In the words of workers: Erin

Erin shared her story as part of MECEP’s State of Working Maine 2023 report. Click here to read the full report.

Erin is a nurse with 22 years of experience in hospital units. For the last 10 years she has worked as a labor and delivery nurse at a central Maine hospital.  

Our labor and delivery unit serves two-thirds of the state. We’ve always taken the higher risk patients because we have a neonatal intensive care unit, but in the last few years we’ve also started taking patients who would have gone to their community hospital before those labor and delivery units closed down. Many of our patients travel more than two hours for both prenatal care and their actual delivery.  

What we found out during COVID was that we were understaffed. We had this just-in-time model for staffing and supplies. I thought they would really learn from that, but they didn’t. What they learned is that nurses could do more with the same — or even less. “That’s good enough for them, and that’s how we’ll continue.” I love my job. I don’t love the conditions. It feels morally injurious to have been called health care heroes for two years, and then change nothing to make things better.  

We still don’t staff for an influx of patients. We have a set number of nurses scheduled. A lot of times that works, but there are plenty of times when it doesn’t. They should have learned that we can no longer staff for an “average day” or an “average load” or what the computer metrics tell them. When you’re delivering terrible news to someone, you’re going to sit with them for as much time as it takes. Computer metrics can’t reflect that human need. Hospitals are constantly rolling out different charting requirements and different technology that measures risks and monitors patients from another state. We don’t need more technology. Technology does not care for people. We need more nurses.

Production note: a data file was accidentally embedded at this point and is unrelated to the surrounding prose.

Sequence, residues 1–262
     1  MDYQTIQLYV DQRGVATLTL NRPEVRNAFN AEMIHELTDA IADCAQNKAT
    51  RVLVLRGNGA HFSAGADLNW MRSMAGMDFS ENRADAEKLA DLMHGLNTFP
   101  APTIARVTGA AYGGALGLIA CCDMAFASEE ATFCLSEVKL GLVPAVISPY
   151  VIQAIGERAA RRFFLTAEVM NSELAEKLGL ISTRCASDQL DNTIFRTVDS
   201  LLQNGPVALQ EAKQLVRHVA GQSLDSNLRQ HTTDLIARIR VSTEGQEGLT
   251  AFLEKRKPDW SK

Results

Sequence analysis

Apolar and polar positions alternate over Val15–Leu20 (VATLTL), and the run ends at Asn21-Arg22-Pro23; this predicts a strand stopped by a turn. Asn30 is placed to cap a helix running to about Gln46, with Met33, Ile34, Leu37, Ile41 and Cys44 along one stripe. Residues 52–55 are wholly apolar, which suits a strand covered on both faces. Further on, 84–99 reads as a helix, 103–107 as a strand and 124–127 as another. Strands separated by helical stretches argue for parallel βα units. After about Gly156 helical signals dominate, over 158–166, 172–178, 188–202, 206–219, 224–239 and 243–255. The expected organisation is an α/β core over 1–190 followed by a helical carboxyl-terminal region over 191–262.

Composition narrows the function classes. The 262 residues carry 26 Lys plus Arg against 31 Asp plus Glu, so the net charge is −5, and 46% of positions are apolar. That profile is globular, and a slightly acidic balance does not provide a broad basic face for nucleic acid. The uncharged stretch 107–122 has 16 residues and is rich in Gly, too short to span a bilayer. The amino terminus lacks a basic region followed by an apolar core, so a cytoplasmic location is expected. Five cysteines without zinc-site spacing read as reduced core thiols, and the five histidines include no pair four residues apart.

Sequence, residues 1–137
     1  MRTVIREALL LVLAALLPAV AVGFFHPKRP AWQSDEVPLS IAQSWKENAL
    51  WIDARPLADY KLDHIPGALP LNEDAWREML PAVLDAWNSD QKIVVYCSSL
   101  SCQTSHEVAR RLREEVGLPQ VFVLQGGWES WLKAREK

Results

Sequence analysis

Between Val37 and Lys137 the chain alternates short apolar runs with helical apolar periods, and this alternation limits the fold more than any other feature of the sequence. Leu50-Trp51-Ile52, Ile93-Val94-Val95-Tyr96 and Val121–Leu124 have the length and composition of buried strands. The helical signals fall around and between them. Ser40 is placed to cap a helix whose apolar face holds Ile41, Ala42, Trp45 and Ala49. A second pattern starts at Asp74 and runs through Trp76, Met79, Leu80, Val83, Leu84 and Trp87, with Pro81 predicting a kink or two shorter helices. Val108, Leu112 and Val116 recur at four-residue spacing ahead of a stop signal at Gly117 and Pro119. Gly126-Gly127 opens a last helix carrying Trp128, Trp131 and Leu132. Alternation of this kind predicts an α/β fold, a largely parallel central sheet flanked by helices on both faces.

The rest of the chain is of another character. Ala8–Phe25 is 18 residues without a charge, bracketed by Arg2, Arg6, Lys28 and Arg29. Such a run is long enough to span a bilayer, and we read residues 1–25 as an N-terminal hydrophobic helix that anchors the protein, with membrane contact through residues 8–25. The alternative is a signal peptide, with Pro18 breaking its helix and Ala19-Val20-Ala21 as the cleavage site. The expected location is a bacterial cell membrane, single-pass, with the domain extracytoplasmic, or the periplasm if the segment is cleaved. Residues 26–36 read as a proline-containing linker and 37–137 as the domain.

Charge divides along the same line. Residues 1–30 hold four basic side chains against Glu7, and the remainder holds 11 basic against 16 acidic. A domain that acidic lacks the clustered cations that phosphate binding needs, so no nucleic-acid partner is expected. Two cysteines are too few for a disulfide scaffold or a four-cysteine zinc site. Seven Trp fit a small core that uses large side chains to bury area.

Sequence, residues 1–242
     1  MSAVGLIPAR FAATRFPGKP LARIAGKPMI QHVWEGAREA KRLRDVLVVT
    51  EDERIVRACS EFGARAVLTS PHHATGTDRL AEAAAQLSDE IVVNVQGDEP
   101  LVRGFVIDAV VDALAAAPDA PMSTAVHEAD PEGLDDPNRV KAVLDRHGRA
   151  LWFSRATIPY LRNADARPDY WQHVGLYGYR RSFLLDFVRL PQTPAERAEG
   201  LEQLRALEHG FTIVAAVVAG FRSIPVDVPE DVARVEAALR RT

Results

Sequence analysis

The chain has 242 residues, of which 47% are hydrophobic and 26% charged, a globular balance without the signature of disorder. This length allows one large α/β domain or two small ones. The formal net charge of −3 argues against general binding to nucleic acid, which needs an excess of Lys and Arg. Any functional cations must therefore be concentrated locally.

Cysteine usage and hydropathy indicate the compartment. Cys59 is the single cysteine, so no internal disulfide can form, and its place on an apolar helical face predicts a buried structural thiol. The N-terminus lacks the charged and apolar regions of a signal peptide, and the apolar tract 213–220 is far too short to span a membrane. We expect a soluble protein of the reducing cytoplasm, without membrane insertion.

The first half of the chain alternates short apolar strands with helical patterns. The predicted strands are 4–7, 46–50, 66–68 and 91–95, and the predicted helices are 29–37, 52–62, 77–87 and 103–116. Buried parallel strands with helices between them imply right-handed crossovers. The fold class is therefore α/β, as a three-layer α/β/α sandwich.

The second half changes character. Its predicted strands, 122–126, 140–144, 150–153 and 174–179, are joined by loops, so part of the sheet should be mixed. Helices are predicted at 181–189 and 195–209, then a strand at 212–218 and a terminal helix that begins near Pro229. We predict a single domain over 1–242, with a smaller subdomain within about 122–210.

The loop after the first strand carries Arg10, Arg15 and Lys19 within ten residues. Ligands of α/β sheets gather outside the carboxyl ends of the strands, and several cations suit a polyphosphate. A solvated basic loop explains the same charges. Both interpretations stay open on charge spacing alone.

My daughter is going to be 18 next week. She’s decided to go to nursing school, and I’m scared for her. What will it be like to work under these conditions at 22 years old? It’s hard for me, even with lots of experience and lots of tools in my kit, and I struggle some days. If things were like this when I got out of nursing school, I don’t think I would have lasted more than five years.  

And that’s what we’re seeing right now: new grads leaving after two to five years. They’re using their nursing license, but they’re not using it at the bedside because being by the bedside is untenable. Here in Maine, the number of registered nurses has increased in the last five years. We’re graduating more nurses than we’ve ever had, and we still don’t have enough at the bedside, which says that the problem is not the number of nurses who are licensed. It’s the number of nurses who are willing to work in these conditions. For nurses who want to work bedside, I would encourage them to work in a union hospital in a state with patient ratio laws.  

Nurse-patient ratios are a safety issue. Many studies show that for every additional patient a nurse has, there is increased risk of patient injury or death. States with nurse-patient ratio laws have also seen nurses return to the bedside. Nurses are scientists. It’s hard when the research says that this is the best practice and the hospital industry says, “No, that’s not how we’re going to make the most profit.” Labor is a big cost, but patients being injured and dying is a higher cost.  

We want to help people. We’re not complainers, we’re problem solvers, and no one wants to speak badly of the situation and how awful it is. But it’s just gotten to the point where we can’t stay silent anymore. I love my job. I love my patients. I think I would be really unhappy if I weren’t doing this work. But there are more days than ever where I’ve thought, “Wow, this is not good.” I just hope that we can make some real, meaningful policy changes.